(LT)>> I've got the ring gear cleaned up and it slides onto the new posi. I'll apply some orange thread locker onto the bolts, which for this 10 bolt are left hand thread. [ MUSIC ] They torque to spec at 65 foot pounds. We've got the new differential loaded up and we have no more worries about that old G-80 exploding and taking out that 10 bolt. Now the stock 3.73's on here are gonna work great for what we have in mind. So there's no need to re-gear, and we could just slap this thing in and be good to go. However there is a problem on the far outer end of the axle tube that I want to take care of first. [ MUSIC ] A common problem on a higher mile truck is leaky axle seals, and ours are definitely letting out oil and it's a simple repair. Once the seal is persuaded out of its home I'm gonna use a slide hammer to remove the old wheel bearings so we can replace those as well. Next we need to do a little housing keeping to clean up all the oil and brake dust. The new bearing installs with an aluminum driver and a few taps from a hammer. [ metal banging ]

(LT)>> And the oil seal follows suit. [ MUSIC ] Next how exactly does a posi track rear end work? It just does!

(LT)>> I've got our 10 bolt axle assembly cleaned up, stripped down. The axle bearings are in along with the seals and we're ready to start reassembly. Now if you've never worked on a rear differential before it can be a little bit intimidating, especially if you're gonna change the gear ratio because there are a lot of parameters that you have to nail spot on. Otherwise the rear end's gonna run hot, make a lot noise, and the gear set is gonna wear out early. Now because all we're changing today is the carrier the only thing that we're gonna have to adjust is carrier backlash, and that's controlled by shifting it further away from or closer to the pinion gear. And you've got to start somewhere just to get a baseline measurement. So I always throw in the stock cast carrier shims just to measure a baseline, and I make a handy little chart just to kinda see where I'm at. I've got 230 on the left, 245 on the right, which gives me the important number, 14 thousandths of an inch of backlash on the carrier. Now that's not awful but it's not acceptable either. On a 10 bolt like this one we need somewhere between six to 10 thousandths of an inch. So I need to shift the carrier closer to the pinion, which means I've got to start stacking some shims. This system includes shims of 5, 7, and 10 thousandths of an inch thick. So depending on how you stack them you can make very fine adjustments. With my selection made the carrier and shim stack goes into the housing and the caps are tightened up. [ drill buzzing ]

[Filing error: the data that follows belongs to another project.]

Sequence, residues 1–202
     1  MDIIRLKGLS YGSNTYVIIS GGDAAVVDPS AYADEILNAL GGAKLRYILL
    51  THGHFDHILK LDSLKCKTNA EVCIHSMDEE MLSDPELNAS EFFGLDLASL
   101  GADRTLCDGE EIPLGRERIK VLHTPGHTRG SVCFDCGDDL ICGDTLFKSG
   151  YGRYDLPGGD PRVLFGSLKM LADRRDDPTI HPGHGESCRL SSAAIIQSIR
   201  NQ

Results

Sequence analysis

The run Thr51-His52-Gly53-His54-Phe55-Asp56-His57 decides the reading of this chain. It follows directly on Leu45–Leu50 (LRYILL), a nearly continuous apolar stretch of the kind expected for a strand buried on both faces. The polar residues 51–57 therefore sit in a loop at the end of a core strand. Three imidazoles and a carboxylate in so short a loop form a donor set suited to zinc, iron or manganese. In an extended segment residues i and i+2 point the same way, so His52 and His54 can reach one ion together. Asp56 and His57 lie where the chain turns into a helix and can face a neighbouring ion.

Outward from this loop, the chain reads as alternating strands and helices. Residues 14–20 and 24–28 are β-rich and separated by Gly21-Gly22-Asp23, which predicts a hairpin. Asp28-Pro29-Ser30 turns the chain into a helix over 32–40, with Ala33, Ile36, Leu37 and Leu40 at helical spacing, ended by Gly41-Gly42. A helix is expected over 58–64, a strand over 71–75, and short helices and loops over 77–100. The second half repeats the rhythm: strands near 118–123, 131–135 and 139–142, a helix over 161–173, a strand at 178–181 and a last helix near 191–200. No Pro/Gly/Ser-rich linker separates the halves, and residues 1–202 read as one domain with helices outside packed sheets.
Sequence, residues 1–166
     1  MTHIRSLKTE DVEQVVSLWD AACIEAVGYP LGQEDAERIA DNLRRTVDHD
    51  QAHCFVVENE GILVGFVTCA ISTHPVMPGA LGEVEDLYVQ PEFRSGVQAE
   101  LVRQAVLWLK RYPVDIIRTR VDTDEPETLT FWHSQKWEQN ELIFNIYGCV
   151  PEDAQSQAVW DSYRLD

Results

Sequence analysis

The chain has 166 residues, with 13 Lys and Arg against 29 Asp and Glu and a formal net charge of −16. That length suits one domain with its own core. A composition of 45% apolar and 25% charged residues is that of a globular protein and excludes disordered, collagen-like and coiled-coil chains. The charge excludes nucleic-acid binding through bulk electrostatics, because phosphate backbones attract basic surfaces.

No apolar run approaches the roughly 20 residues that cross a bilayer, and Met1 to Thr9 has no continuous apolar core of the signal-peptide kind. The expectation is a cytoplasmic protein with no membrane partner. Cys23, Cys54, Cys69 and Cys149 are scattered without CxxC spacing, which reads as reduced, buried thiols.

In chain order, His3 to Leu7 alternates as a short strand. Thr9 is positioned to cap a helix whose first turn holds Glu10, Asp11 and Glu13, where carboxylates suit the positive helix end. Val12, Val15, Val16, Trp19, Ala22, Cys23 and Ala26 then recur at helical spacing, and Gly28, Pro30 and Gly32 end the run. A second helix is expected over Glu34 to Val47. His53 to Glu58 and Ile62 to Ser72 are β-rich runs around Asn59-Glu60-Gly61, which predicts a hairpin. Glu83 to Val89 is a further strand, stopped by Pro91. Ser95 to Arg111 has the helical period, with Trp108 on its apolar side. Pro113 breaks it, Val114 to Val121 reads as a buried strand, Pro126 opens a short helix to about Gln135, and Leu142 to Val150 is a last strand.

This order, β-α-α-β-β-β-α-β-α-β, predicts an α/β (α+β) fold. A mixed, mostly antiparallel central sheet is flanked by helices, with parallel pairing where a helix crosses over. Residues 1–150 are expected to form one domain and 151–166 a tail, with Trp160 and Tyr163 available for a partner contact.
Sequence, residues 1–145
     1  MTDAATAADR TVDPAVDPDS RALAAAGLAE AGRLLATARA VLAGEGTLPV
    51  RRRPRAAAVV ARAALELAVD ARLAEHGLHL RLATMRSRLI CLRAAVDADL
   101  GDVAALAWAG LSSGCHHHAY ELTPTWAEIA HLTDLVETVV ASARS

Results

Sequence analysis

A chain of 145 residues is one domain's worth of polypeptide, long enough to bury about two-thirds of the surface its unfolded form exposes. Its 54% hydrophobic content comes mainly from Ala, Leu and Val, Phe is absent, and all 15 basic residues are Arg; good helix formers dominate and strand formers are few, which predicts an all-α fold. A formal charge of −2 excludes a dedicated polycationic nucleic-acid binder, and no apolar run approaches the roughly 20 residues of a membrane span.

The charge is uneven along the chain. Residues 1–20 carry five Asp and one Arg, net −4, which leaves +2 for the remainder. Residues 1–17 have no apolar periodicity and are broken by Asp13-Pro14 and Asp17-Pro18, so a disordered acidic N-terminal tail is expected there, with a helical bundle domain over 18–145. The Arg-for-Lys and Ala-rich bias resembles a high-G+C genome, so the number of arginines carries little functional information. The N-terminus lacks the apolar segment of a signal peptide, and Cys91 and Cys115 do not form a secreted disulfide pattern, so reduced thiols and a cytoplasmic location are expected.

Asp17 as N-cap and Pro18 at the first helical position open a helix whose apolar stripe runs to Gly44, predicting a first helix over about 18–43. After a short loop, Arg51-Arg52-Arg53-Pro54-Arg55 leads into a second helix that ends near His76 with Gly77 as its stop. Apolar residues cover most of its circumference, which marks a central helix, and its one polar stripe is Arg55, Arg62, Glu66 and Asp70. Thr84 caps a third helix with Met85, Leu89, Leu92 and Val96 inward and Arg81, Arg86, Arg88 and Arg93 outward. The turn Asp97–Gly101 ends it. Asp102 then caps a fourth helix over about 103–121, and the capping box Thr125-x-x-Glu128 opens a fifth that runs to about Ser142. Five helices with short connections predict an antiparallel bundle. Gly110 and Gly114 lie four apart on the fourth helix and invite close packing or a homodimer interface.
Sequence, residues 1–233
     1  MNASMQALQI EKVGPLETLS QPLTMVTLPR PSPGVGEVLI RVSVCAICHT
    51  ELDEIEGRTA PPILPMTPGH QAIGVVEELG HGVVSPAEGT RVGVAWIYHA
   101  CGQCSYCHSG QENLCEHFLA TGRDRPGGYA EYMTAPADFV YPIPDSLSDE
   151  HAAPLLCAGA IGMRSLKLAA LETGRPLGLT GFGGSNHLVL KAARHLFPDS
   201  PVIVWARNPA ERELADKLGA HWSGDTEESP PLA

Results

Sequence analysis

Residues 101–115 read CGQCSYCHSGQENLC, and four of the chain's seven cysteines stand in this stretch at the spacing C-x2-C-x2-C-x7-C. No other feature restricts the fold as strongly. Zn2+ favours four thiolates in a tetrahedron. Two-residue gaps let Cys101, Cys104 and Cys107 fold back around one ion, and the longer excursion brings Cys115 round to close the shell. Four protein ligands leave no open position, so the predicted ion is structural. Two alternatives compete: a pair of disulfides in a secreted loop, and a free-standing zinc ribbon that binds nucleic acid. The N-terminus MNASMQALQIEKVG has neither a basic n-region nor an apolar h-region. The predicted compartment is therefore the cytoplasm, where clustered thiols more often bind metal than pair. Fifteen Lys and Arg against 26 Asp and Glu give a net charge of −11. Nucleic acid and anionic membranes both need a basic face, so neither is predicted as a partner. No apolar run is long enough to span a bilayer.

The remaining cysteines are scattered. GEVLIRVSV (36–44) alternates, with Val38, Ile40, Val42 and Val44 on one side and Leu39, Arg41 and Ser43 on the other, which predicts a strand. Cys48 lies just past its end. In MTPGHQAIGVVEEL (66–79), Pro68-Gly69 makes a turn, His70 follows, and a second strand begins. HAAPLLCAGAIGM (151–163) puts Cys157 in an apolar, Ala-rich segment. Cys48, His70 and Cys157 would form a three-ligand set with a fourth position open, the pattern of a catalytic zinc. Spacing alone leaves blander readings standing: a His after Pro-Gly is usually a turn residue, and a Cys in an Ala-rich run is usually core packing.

(LT)>> So that was still quite a bit too loose. So I'm gonna take one of the 10 thousandths shims out of the stack that's on the right hand side and I'll switch it over to the left, which will shift the carrier over and hopefully tighten up the backlash just enough. With a quick swap of one shim I'll re-install the carrier into the housing and once again install the bearing caps. Now they say if you're good, I'm not saying that I am, you can nail backlash just by the feel and sound. This one feels close but let's find out for sure. [ MUSIC ] Oh yeah! With the carrier sitting exactly where it should the axles can now slide back in. The C-clips are re-installed along with the cross pin. Finally it's time to seal this thing up for good with some Permatex Optimum Gray Gasket Maker, and the stock cover finishes the job. When I removed the rear brakes from our Sierra to take apart the axle I noticed the pads were quite worn out, and in fact one of them the friction material had separated entirely from the backing plate. So it's time for a brake job because this is just plain unsafe. Now EBC Brakes makes pads and rotors for a wide range of vehicles. Just about everything that you'll see on the road. So for our GMC I got a set of pads and rotors. The rotors are from their high carbon Blade Series, have these cool looking grooves in them, which will help remove a lot of heat and help them run cooler, and the high carbon alloy that's gonna resist heat better. As far as the pads go we chose their Extra Duty line, which are designed specifically for trucks and s-u-v's, and this is one of their longest lasting compounds, and it has a lot more grip than an o-e-m replacement does. Now all told this is gonna make our GMC stop a lot shorter and be a lot safer than these old worn out pads that it came with. Since we're working with on the back axle that's where we'll get started. Also ahead we'll give our 5.3 some rumble.